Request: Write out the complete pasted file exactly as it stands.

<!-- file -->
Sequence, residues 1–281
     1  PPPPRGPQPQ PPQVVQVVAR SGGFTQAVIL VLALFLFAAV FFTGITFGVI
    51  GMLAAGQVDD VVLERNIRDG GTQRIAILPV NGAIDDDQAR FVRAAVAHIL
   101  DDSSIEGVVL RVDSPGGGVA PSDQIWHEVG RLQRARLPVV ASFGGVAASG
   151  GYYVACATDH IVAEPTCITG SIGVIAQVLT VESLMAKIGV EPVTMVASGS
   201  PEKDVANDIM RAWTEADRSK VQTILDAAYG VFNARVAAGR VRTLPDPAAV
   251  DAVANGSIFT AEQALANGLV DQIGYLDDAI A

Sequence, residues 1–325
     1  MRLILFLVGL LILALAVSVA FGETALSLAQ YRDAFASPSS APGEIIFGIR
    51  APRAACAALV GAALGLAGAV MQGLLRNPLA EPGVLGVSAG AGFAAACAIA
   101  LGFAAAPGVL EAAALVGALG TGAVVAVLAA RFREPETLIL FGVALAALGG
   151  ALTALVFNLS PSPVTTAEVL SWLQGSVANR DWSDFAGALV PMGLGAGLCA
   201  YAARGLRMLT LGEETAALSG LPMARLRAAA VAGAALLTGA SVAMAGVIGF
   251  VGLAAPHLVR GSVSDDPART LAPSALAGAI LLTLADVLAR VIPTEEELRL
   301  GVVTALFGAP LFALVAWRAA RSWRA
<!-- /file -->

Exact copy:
Sequence, residues 1–281
     1  PPPPRGPQPQ PPQVVQVVAR SGGFTQAVIL VLALFLFAAV FFTGITFGVI
    51  GMLAAGQVDD VVLERNIRDG GTQRIAILPV NGAIDDDQAR FVRAAVAHIL
   101  DDSSIEGVVL RVDSPGGGVA PSDQIWHEVG RLQRARLPVV ASFGGVAASG
   151  GYYVACATDH IVAEPTCITG SIGVIAQVLT VESLMAKIGV EPVTMVASGS
   201  PEKDVANDIM RAWTEADRSK VQTILDAAYG VFNARVAAGR VRTLPDPAAV
   251  DAVANGSIFT AEQALANGLV DQIGYLDDAI A

Sequence, residues 1–325
     1  MRLILFLVGL LILALAVSVA FGETALSLAQ YRDAFASPSS APGEIIFGIR
    51  APRAACAALV GAALGLAGAV MQGLLRNPLA EPGVLGVSAG AGFAAACAIA
   101  LGFAAAPGVL EAAALVGALG TGAVVAVLAA RFREPETLIL FGVALAALGG
   151  ALTALVFNLS PSPVTTAEVL SWLQGSVANR DWSDFAGALV PMGLGAGLCA
   201  YAARGLRMLT LGEETAALSG LPMARLRAAA VAGAALLTGA SVAMAGVIGF
   251  VGLAAPHLVR GSVSDDPART LAPSALAGAI LLTLADVLAR VIPTEEELRL
   301  GVVTALFGAP LFALVAWRAA RSWRA